Romania’s presidential runoff sees Prime Minister Victor Ponta facing off against Klaus Iohannis, the ethnic German mayor of the Transylvanian city of Sibiu. Ponta, a former prosecutor, led Iohannis by 10 points in the first-round voting on Nov. 2, and polls indicate Ponta is likely to win, despite corruption probes and convictions of some of Ponta’s senior aides. Here is a brief rundown of the people and issues involved in Sunday’s vote. “Pugnacious” Ponta, 42, became Europe’s youngest prime minister in May 2012 just before he turned 40. An amateur rally driver, Ponta married Daciana Sarbu in 2007. She’s a European Parliament lawmaker and the daughter of a bigwig in the powerful Social Democratic Party. Ponta’s career has mostly been plain sailing since then, even though he’s been accused of plagiarizing his doctoral thesis and of being an undercover spy by outgoing President Traian Basescu — allegations he denies. Since taking office Ponta has overseen economic growth and political stability. He says Romania will remain a U.S. ally and rejects claims he’ll cozy up to Russian President Vladimir Putin. Critics say that as president Ponta could grant an amnesty to political allies imprisoned for corruption, and that his party would have far too much power.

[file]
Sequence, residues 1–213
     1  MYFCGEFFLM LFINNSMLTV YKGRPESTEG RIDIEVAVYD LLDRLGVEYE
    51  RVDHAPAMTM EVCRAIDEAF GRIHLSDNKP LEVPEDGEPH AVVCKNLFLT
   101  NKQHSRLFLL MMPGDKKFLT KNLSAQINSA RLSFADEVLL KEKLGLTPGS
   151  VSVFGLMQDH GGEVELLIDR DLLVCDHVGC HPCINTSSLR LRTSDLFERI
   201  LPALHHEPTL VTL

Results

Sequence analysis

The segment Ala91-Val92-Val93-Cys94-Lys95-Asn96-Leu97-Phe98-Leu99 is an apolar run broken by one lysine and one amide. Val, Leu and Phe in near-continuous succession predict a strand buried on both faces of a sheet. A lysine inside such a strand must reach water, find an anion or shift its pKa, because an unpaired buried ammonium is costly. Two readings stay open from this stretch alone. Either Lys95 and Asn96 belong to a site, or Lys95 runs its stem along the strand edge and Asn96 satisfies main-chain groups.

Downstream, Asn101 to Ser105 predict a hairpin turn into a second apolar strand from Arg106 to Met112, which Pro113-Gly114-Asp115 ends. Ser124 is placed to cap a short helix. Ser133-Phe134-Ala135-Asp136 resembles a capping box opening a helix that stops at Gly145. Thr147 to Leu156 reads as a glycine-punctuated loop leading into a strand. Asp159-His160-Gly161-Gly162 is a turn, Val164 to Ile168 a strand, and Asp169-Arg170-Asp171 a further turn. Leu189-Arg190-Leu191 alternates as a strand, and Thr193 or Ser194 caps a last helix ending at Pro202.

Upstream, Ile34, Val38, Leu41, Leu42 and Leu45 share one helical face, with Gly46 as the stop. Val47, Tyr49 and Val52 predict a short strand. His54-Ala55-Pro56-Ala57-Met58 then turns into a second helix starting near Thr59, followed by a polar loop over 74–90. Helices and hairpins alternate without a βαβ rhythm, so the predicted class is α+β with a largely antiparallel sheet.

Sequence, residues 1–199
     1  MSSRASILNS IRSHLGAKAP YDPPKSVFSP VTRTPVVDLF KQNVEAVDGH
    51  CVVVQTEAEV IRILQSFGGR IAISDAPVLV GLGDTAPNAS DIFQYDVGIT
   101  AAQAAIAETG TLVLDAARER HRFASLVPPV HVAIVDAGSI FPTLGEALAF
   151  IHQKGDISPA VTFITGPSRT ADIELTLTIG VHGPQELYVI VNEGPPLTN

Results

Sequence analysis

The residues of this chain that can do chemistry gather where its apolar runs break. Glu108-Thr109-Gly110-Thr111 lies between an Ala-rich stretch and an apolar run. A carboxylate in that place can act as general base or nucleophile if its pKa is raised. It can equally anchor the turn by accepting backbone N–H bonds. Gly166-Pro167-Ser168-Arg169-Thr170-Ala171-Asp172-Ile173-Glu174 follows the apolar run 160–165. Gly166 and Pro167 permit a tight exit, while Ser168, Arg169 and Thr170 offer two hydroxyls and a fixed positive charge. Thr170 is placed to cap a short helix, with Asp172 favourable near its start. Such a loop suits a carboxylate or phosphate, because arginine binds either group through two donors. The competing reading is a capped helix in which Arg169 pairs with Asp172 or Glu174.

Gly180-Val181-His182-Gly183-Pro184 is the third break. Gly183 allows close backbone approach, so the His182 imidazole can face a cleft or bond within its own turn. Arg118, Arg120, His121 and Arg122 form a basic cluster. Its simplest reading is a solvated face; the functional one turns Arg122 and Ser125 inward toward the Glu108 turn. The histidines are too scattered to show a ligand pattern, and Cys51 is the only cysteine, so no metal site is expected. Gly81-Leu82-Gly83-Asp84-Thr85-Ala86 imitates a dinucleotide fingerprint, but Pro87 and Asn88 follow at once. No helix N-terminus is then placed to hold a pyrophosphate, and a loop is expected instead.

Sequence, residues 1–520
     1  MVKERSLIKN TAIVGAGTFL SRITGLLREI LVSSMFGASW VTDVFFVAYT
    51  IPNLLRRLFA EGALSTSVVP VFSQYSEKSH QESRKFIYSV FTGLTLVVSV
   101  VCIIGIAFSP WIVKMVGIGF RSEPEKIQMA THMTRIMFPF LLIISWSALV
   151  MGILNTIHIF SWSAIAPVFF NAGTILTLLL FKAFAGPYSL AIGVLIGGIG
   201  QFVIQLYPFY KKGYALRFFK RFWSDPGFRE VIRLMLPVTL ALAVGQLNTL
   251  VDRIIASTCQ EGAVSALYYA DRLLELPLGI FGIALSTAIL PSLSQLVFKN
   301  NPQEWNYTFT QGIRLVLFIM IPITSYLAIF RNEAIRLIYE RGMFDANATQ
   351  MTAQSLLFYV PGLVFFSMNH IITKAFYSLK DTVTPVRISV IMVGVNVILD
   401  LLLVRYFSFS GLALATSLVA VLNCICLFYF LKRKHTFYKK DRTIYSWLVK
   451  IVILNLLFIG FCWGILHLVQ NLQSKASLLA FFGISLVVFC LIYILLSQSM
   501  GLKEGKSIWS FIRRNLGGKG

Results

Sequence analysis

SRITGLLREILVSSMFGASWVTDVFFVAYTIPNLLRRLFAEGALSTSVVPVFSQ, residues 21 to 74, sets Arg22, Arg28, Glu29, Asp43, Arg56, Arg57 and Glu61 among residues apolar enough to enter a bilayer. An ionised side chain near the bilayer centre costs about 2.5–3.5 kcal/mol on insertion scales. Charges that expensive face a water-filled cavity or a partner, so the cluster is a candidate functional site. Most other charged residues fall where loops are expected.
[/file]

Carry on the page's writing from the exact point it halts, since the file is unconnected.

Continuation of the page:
For Luciana Bizgan, Romania’s presidential race could mean she’ll never again turn up for work wearing rubber boots. Across the nation of 20 million, the second-most populous of the European Union’s newer members, Romanians are witnessing Prime Minister Victor Ponta’s bid for president triggering a spending glut on streets, schools and churches. Bizgan, 36, a seamstress, wants her dirt road in the southern town of Turnu Magurele asphalted so rain doesn’t dictate her footwear. “I just hope this time it’s my street’s turn,” she said. The EU’s second-poorest member, whose post-communist transformation has pushed bond yields to record lows, is loosening the purse strings a year after exiting monitoring by the bloc for fiscal slackness. Next year’s budget shortfall may balloon to double the government target, leaving a headache for Ponta’s successor, should the prime minister turn his poll lead into victory in a Nov. 16 runoff.